Crude Oil, Conflict and COVID-19: The Political Economy of State Fragility in Iraq
International Institute for Middle East and Balkan Studies (IFIMES) from Ljubljana, Slovenia, regularly analyses developments in the Middle East, Balkansand also around the world. Will Marshall is an intern at Gulf State Analytics a Washington. In his comprehensive analysis entitled “Crude Oil, Conflict and COVID-19: The Political Economy of State Fragility in Iraq” he is analysing the situation in Iraq and if it is possible to break the cycle of state failure which has plagued the country for the past seventeen years.
● Will Marshall
Crude Oil, Conflict and COVID-19: The Political Economy of State Fragility in Iraq
After months of unprecedented calm amid a global pandemic, Iraq’s streets have once again been gripped by protest as anti-government demonstrations resumed with vengeance in recent weeks. Despite newly appointed Prime Minister Mustafa al-Kadhimi’s extension of an olive branch to demonstrators with his promise to release unlawfully detained protestors, pent up anger over dilapidated public services, stagnant economic growth, endemic corruption and chronic underemployment have erupted once more across large swathes of central and southern Iraq.
Even absent the unprecedented strain placed on the Iraqi economy by the Covid-19 pandemic, Baghdad would face an uphill battle resolving the intractable social, economic, demographic, and political issues propelling unrelenting mass protests. However, as Baghdad struggles to contain a burgeoning public health crisis, analysts look on in trepidation at a confluence of factors, including repeated coronavirus lockdowns, surging militant activity, collapsing global crude oil demand, and a devastating Russia-Saudi oil price war, which threatens to overwhelm Iraq’s fragile political and economic system.
Covid-19 is a trigger, not the root cause of a crisis of governance long in the making. Rather, the pandemic has merely laid bare the fundamentally unsustainable nature of a dysfunctional political economy trapped in hiatus between the fragile balancing act of post-conflict reconstruction and the potential dynamism of a rapidly growing frontier market, much of which can be traced to the aftermath of the U.S-led invasion of 2003.
The core dynamics underpinning the entrenched political economy of state fragility, which stubbornly hinders Iraq’s development to the present day have their roots in the weeks and months which followed Saddam Hussein’s ouster in 2003. In light of the thinly stretched coalition forces and systematic deconstruction of Ba’athist-era governance structures, which had hitherto kept a lid on latent ethno-sectarian tensions between the Shi’a-dominated south, the Sunni center, and the Kurdish north, the Coalition Provisional Authority (CPA) was incapable of preventing extensive power vacuums from rapidly emerging across significant swathes of Iraqi territory.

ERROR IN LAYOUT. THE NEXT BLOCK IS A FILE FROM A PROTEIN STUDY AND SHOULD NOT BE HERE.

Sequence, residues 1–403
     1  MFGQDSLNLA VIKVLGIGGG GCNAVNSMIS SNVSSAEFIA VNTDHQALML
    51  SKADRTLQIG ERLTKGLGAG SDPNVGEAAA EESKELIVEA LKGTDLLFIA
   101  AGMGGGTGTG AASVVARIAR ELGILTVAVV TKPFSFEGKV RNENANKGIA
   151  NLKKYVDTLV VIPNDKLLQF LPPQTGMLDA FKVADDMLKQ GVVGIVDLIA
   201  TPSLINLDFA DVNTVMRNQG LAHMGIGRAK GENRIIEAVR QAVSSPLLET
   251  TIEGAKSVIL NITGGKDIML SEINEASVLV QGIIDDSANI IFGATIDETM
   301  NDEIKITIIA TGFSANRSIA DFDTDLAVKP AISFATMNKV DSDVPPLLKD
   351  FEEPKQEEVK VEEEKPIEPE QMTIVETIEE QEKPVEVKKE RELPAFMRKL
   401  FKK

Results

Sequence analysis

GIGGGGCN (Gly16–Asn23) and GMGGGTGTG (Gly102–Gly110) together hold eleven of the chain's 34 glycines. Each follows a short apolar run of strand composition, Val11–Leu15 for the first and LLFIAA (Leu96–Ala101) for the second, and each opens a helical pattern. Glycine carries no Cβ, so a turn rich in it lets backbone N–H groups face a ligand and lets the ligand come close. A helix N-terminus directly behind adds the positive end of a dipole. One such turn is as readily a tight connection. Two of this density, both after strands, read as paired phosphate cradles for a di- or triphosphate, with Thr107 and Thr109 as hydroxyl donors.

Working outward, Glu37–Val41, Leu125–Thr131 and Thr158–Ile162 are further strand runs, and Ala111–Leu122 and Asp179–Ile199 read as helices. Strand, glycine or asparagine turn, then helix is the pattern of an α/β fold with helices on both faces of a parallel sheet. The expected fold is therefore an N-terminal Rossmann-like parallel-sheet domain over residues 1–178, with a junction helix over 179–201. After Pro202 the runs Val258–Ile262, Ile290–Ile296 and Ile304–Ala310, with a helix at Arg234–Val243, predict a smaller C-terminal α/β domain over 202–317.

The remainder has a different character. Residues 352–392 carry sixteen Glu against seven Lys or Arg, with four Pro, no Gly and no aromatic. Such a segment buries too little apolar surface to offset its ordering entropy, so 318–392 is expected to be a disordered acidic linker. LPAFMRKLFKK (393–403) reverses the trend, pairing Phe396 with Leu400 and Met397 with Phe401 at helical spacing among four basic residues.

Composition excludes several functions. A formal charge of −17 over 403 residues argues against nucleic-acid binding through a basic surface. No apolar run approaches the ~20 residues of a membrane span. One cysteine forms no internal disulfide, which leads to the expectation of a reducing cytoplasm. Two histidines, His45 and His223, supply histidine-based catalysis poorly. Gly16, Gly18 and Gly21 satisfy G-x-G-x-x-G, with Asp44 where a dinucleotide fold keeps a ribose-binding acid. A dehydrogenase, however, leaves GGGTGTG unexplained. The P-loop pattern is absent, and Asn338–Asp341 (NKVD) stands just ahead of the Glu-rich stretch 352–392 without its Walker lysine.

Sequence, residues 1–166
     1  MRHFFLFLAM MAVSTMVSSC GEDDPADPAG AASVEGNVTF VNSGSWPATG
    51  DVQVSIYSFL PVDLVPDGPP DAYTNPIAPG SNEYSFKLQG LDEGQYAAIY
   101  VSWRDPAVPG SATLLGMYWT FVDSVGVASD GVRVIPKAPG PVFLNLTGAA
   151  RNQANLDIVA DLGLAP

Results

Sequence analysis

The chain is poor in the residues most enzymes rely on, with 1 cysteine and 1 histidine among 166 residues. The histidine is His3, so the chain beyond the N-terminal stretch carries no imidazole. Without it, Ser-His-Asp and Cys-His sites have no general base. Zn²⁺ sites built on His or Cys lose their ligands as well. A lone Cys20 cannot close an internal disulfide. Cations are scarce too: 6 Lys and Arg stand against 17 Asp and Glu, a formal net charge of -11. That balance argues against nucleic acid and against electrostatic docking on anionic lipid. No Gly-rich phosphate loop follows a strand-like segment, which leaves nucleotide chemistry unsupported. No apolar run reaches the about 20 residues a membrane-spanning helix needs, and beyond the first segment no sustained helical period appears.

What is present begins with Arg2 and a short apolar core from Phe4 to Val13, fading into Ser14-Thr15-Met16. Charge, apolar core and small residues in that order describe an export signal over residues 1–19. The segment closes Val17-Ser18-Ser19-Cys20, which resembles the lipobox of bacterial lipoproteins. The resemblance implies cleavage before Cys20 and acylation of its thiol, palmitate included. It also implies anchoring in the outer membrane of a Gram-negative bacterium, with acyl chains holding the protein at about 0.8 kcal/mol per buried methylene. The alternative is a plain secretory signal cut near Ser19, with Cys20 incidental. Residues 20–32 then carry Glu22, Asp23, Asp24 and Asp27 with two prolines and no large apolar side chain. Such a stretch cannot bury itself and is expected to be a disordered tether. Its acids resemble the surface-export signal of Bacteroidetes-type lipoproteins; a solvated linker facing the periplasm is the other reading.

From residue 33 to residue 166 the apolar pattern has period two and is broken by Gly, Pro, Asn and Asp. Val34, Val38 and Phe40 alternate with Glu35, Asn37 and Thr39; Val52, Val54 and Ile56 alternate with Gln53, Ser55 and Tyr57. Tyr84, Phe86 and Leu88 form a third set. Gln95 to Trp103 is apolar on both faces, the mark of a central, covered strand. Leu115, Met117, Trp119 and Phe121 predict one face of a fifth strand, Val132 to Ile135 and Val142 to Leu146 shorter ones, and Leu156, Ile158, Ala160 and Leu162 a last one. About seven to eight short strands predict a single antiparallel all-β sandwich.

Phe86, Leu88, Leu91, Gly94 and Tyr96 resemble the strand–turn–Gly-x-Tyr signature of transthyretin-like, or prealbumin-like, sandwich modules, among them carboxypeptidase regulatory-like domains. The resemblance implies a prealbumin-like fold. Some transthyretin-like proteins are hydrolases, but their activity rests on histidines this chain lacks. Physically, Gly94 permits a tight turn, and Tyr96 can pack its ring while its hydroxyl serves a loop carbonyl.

Thus, the governance arrangements implemented under the Iraq Governing Council, the first Iraqi civilian body tasked with rebuilding the post-Saddam political infrastructure, were specifically constructed for the purpose of post-conflict stabilisation and the reestablishment of governance, however weak, across large swathes of a country where state authority was de facto non-existent.
The political system that emerged from the post-2003 consensus on the imperative of post-conflict stabilization, the so-called muhasasa al-ta’ifia system, was the result of an elite pact, which dissected Baghdad along the principles of sectarian apportionment, distributing control over government ministries amongst Shi’a, Sunni, and Kurdish parties. Given the close links between such political parties and regional militias—for example between the Shi’a-dominated Islamic Supreme Council of Iraq and the Badr Brigades—such ad hoc arrangements which de facto outsourced the security responsibilities of Baghdad’s weak central government represented an effective short-term fix to the security vacuum afflicting post-invasion Iraq. In return for guaranteeing security through their militia proxies, sectarian political parties were given free rein to ‘colonize’ the various ministries under their control, facilitating the construction of sprawling ethic- and clan-based patronage networks, which has swollen the corrupt, inefficient public sector to the extent that 60 percent of full-time employment occurs within government services. The result is that narrow political interests claiming to ‘represent’ all sectarian groups predate upon state institutions, particularly the lucrative oil industry, to the extent that the primary purpose of the state is the enrichment of vested interests controlling the levers of political power.